This is not a new project, but in case you have missed it (like us) when it was released a couple of years ago, you may want to take a look at it. The Mapping the Republic of Letters project developed at Stanford presents an interactive mapping application offering different ways of visualizing the relationships between the origins and destinations of thousands of letters mailed throughout Europe during the early modern period (1500-1800). This on-going interdisciplinary project definitely reflects the humanist culture that characterized the early modern period it represents. It could definitely be a stimulating source of inspiration for anybody interested in mapping (social) networks.
Joost Grooten is a dutch artist, book designer, with a special focus on atlases: http://www.grootens.nl/2/10/11.html
His publication have recently be called “grosse Buchkunst” (great book art) by the “Süddeutsche Zeitung.
You will enjoy to browse through his website: http://www.grootens.nl/2/10/11.html
The enfant terrible of the french writer’s scene, Michel Houellebecq has published a new novel, enthusiastically reviewed by the critics. He has also won the most prestigeous french literature award – the Prix Goncourt in 2010.
The titel appears in this blog, since the main character is a celebrated artists who works with street maps and satellite images.
The english translation of the book has not yet been released, but will soon be available.
Quite an impressive combination of art, carto, sound, design and technology! In his Conductor project (www.mta.me), Alexander Chen
“turns the New York subway system into an interactive string instrument. Using the MTA’s actual subway schedule, the piece begins in realtime by spawning trains which departed in the last minute, then continues accelerating through a 24 hour loop. The visuals are based on Massimo Vignelli’s 1972 diagram.” (see http://blog.chenalexander.com/2011/conductor-mta/ for a full description of this fascinating map).
Thanks to Daniel Naud for pointing me to Chris McDowall’s blog which includes many interesting animated map including this one (Note: this map was already mentioned a few weeks ago on (e)space&fiction).
In their article Rethinking Maps, Rob Kitchin and Martin Dodge (2007, 331) argue that cartography should be envisioned as “a processual, rather than representational, science.” This process-oriented perspective challenges conventions in cartography, but also reflects more common mapping practices in other disciplines. In the arts and humanities the term mapping is used more broadly and includes a diversity of practices and expectations. Artists and other creative practitioners have developed their own mapping practices to express understandings, fears, hopes, emotions and perceptions about places and people. Approaching mapping as a process and set of practices raises a range of issues:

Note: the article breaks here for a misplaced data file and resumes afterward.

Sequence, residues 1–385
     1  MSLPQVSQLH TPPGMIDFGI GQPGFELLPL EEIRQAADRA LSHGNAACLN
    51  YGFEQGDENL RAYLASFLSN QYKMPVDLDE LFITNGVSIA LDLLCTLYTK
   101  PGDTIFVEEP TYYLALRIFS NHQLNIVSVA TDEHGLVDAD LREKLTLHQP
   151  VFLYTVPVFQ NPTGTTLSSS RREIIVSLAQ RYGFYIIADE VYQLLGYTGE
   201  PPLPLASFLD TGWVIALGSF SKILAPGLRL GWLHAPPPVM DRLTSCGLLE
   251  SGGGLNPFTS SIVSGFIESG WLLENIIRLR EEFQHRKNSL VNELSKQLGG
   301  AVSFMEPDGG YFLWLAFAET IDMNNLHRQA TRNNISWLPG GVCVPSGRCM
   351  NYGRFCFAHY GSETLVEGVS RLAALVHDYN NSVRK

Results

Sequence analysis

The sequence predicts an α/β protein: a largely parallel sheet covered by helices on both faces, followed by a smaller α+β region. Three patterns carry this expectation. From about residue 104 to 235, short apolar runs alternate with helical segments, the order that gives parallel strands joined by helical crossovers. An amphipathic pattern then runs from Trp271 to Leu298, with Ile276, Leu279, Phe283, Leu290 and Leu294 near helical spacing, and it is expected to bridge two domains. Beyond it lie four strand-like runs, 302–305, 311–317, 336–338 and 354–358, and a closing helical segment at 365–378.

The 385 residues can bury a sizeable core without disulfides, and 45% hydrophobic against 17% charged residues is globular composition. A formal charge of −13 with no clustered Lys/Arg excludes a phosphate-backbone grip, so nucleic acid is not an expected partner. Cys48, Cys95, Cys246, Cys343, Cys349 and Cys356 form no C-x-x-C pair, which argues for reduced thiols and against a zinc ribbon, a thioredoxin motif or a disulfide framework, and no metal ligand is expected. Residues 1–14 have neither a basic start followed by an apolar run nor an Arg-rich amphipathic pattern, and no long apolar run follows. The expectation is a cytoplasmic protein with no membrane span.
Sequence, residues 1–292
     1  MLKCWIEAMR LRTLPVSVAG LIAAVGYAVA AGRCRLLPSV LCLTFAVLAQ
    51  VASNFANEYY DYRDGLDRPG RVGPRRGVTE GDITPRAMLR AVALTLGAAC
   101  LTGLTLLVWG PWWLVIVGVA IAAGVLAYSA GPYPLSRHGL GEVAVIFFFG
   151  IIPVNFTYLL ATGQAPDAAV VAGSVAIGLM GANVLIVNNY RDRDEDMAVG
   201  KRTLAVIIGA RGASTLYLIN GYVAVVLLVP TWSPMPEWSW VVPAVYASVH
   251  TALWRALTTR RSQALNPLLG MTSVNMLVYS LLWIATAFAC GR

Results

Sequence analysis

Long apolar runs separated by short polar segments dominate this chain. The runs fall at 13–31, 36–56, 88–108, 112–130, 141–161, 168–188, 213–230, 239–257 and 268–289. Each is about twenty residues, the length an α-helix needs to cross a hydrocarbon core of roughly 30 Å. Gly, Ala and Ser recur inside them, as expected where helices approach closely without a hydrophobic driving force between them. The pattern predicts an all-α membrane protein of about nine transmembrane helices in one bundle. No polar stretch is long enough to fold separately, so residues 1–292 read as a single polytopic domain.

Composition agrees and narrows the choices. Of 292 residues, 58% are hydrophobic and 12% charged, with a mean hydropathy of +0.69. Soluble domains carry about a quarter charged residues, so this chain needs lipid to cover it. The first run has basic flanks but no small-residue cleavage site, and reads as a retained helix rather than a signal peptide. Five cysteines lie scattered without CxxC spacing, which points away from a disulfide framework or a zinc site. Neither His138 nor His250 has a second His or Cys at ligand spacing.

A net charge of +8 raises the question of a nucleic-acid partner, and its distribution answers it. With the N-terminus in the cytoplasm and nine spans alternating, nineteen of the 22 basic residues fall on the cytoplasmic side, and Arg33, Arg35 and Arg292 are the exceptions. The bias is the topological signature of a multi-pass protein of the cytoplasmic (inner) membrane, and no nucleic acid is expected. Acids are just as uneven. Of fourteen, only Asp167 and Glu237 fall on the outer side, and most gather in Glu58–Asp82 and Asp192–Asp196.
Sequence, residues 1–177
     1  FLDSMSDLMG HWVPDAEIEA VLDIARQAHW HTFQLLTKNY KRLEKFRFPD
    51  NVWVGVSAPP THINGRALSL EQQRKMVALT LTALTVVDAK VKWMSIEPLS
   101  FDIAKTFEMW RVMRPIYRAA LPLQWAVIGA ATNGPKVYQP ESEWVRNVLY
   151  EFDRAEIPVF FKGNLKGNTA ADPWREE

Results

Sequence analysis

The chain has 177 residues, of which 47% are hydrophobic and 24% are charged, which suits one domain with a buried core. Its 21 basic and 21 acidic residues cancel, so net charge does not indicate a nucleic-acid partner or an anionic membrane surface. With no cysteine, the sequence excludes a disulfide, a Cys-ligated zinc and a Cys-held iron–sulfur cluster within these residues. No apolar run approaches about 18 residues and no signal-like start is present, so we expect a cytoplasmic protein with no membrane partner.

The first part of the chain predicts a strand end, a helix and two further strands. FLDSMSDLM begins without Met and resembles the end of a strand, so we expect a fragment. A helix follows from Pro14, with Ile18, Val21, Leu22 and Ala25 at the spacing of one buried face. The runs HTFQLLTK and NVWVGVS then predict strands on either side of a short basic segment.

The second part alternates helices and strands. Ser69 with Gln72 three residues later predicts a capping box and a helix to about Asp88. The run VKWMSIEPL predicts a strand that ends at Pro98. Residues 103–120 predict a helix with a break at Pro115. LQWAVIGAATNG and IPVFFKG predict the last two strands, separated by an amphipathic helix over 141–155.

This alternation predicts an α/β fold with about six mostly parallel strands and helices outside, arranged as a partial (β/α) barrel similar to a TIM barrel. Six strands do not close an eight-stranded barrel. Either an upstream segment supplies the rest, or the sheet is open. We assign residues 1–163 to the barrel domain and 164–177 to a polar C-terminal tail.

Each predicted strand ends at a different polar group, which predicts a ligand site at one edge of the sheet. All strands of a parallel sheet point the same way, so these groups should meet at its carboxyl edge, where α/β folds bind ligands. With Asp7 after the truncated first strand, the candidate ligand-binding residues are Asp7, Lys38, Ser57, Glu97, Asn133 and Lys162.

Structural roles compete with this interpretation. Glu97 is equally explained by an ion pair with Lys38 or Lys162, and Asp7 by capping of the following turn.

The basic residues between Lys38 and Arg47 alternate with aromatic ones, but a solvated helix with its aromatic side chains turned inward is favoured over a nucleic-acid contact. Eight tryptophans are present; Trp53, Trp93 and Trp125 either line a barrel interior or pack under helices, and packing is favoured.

- How do mapping processes and practices vary across disciplines?
- What are the consequences of deploying different ways of mapping to portray the world?
- What politics are facilitated by mapping practice?
- What ethical possibilities flow from a processual approach to mapping?
- How might aesthetics and function respond to change?
- What roles do technologies play in mapping practice?
- How is meaning constituted through mapping action?
- What is the affect and emotional consequence of an ontogenic approach to mapping?
- What are the relations of embodied actions to mapping?
- What are the social consequences of mapping practice?
To address these questions the Commission on Maps and Society of the International Cartographic Association (ICA), in collaboration with the Working Group on Arts and Cartography of the ICA, are organizing a one day workshop in Paris (just before the 25th International Cartographic Conference). This workshop aims to bring together researchers, students, practitioners and artists interested in the processes and practices through which they make, enact and study mapping.
Given the topic of this workshop we are seeking reports on work in progress, rather than finished papers and invite abstracts around any of the above questions.
Mar. 1, 2011. Proposals selected
Mar. 7, 2011. Preliminary program is published
Eidolon is a research network dedicated “to contribute to innovation in cartography either directly or by stimulating research.” This group is organizing a moving map symposium in Lausanne, Suisse (Apr. 14-15, 2011) with a very impressive program including speakers such as Bruno Latour, Emanuela Casti, Jacques Lévy, Franco Farinelli, Michel Lussault and many others. This symposium will be organized around three workshops (Who’s the Author of these Maps ? Mapping Values and Social Justice. Ethics Despite Aesthetics ?) and will also include an art exhibit and a map contest.
Stories in Reserve is a project that involve a group of artists exploring – and mapping – places with a dual point of view: from the insiders perspectives and from the outsiders one (e.g. tourists). The first volume includes three audio tours: transnational commerce in Tijuana (by Ricardo Miranda Zúñiga); Superfund-classified wildlife refugees in southern Illinois ( by Sarah Kanouse); and Vancouver’s site of the 2010 Winter Olympic games (by Ryan Griffis, Lize Mogel & Sarah Ross). These tours are presented with full-color maps and images. The books can be ordered for $15 + the cost of shipping. The great news is that the book and the audio tours are also downloadable for free…